I believe most people now think Martin Mull was the first to say this - and it seems like as good a way as any to start out this week. As I was writing my first few posts last night, this quote kept sticking in my head. Music in general - and Paramore in particular - means so much to me on a visceral, emotional level that I have real trouble putting it into words. You’ll see my best attempts this week, but I can’t promise the level of writing you’ve seen here in weeks past. I don’t experience music intellectually - and I certainly can’t write about it that way. What I can promise this week is (hopefully) an interesting story of the rise of a great band as seen through the eyes of a fan and the best I can do in terms of telling you what this music and this band means to me and why. I may have trouble putting into words what they and their music mean to me, but I’ll give it my best shot. Hope you enjoy.
Showing 26 posts tagged paramore
Paramore - “My Heart”
I’m going to talk a lot this week about the bond Paramore has built with their fans - how they’ve worked their way up from playing for 25-50 people to where they are today. That bond is something special and it’s a huge part of why they are where they are today - and even with my close relationship with them, I know I’m not the only one that feels it.
To me, these lyrics sum it up. As a band, Paramore gives as much to their fans as any band I’ve ever seen…and the fans give it right back. It’s an incredible relationship - and their live shows are where you can see it best. A band pouring their heart out onstage…and a crowd of fans pouring their hearts out in return. These songs you’ll be hearing me talk about this week - they were written by Paramore - but they belong to us.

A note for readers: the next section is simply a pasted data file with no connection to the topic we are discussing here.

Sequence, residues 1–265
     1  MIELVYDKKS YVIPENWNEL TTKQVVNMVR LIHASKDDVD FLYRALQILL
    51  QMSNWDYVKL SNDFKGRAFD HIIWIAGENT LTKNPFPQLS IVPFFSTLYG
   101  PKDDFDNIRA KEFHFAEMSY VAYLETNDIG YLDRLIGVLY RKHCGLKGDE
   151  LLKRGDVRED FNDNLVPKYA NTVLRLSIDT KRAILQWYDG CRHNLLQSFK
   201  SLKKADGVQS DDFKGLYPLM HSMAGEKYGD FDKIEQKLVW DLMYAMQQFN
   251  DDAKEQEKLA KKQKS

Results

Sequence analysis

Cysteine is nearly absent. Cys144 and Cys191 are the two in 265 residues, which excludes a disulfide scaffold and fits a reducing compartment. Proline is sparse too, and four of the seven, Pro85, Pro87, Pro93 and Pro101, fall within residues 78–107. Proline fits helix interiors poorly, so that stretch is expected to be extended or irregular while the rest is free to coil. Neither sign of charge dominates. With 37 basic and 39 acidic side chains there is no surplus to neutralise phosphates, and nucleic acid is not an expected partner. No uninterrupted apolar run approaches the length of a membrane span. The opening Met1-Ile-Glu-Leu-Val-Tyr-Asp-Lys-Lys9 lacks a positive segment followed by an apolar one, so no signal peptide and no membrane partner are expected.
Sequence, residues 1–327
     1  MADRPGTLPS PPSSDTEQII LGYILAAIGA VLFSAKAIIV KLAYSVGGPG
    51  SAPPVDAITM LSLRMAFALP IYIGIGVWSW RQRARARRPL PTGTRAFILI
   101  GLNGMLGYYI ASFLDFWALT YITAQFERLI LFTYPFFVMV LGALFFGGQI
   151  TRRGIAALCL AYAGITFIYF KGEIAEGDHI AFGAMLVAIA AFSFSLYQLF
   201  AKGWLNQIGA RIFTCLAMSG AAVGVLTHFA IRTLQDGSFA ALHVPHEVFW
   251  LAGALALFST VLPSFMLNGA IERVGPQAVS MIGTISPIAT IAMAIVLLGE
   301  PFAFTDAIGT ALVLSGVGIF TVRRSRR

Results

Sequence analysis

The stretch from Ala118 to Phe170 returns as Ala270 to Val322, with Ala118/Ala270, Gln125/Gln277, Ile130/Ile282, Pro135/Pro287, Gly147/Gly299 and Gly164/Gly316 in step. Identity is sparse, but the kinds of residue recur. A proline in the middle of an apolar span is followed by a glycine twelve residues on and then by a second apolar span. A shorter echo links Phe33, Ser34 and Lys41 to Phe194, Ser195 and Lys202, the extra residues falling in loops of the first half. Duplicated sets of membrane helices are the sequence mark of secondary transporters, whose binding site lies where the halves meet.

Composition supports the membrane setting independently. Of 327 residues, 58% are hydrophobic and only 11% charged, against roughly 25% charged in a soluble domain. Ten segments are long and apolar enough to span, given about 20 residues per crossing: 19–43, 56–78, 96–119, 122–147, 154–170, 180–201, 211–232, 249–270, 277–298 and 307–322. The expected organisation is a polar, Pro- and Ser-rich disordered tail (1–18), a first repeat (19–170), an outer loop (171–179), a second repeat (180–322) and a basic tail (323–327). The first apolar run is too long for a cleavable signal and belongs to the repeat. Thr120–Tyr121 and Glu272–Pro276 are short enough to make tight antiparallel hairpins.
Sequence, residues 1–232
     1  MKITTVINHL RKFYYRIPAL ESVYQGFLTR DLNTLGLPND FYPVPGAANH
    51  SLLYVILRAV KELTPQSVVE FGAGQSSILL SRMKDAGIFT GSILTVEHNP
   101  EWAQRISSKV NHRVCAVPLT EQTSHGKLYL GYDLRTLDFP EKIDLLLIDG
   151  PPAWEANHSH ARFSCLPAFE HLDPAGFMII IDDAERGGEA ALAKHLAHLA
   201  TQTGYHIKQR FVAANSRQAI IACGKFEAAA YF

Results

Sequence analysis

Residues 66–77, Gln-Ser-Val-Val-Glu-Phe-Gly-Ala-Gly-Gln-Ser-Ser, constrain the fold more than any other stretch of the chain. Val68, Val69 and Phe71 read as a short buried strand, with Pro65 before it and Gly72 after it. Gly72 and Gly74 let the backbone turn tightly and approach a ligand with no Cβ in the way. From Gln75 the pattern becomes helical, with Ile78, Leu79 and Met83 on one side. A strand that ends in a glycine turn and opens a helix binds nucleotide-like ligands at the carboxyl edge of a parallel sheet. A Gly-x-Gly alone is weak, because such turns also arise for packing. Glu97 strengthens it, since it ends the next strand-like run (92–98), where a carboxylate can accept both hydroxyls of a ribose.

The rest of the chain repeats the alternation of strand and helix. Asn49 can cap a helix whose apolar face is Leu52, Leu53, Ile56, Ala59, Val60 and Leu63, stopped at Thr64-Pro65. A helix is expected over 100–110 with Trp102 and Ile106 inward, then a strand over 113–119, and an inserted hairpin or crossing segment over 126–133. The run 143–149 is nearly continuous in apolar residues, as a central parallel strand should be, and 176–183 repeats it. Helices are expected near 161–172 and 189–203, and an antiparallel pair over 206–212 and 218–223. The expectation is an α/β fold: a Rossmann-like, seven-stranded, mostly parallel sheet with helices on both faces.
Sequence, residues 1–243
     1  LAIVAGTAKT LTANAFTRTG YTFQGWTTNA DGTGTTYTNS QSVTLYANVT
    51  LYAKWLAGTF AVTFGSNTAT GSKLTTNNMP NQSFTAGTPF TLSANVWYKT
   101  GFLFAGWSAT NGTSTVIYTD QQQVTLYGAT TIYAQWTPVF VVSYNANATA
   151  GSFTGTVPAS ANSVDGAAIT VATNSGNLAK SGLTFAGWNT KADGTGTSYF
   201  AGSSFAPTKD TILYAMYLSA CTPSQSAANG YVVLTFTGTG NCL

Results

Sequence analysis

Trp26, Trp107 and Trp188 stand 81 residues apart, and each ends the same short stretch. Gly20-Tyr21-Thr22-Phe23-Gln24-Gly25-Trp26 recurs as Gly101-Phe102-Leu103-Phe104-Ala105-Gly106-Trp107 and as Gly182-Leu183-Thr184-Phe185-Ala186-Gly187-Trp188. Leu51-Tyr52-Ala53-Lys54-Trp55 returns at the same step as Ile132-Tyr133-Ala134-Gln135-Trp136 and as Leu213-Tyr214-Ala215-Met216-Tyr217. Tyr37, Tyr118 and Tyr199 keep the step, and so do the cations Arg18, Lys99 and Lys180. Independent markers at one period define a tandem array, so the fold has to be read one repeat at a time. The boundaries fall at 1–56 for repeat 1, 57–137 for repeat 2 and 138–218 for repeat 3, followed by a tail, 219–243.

And since I was just talking about live performances, I’m going to start in the middle - because if this song doesn’t get your pulse going on a Monday morning, nothing will.
This is Paramore performing “Born For This” live on the The Final RIOT! tour in Chicago on August 12, 2008. The show was filmed for a DVD and the whole thing’s over on Hulu if you want to watch it.
When Paramore recorded this song for RIOT!, they invited fans of the band into the studio to sing on the track. When they perform it live, “everybody sing(s) like it’s the last song you will ever sing.”
And yeah - it never fails to give me chills. You can see what the band gives their fans onstage - and you can see what the fans give the band back. For me, the true greatness of Paramore has always been their live shows. This is a phenomenal live band - and you can’t truly experience their music (in my opinion) until you see them live. They’ve made three great records, but live…they take it to another level.
But they weren’t always playing for an arena full of screaming fans…to see how they got here, you have to go back to the beginning…specifically, for me, almost exactly 3 years earlier…
I had no idea at the time, but that would turn out to be a day that would (and I’m honestly not overstating things here) change my life forever.
But let’s go back a little bit first. You’re probably wondering how a (now) 34 year old guy winds up loving a band whose fan base is primarily made up of people half his age. You might even be wondering why that (then) 28 year old guy was at Warped Tour on August 10, 2005 in the first place. Or, you might not be wondering any of that and you’re just wondering why the hell Hendrik has let someone write about Paramore for a week on his blog (I don’t have the answer to that, except that he apparently thinks I’ll do a decent job of it - HOW WRONG HE IS.)
Anyway, my love for Paramore starts in…1990? 1991? The exact year escapes me, but I was in high school. Up until that point, I listened to awful music. And we’re not talking just standard Top 40 pop bad - I’ve always loved that and still do. We’re talking Milli Vanilli/Marky Mark & The Funky Bunch BAD.
So, I will now thank the music gods that during one of those formative years in high school, a friend handed me a copy of R.E.M.’s Document. Obviously, this wasn’t Milli Vanilli. Also, obviously, this wasn’t like anything I’d ever heard before. I was completely taken - with Michael Stipe’s phenomenal voice, with the jangly guitars, with the oblique lyrics…R.E.M. was the first band I ever loved. Still do. For the first time, music really touched me deeply, in a completely different way than it ever had before. I listened to other music, but I FELT R.E.M. songs.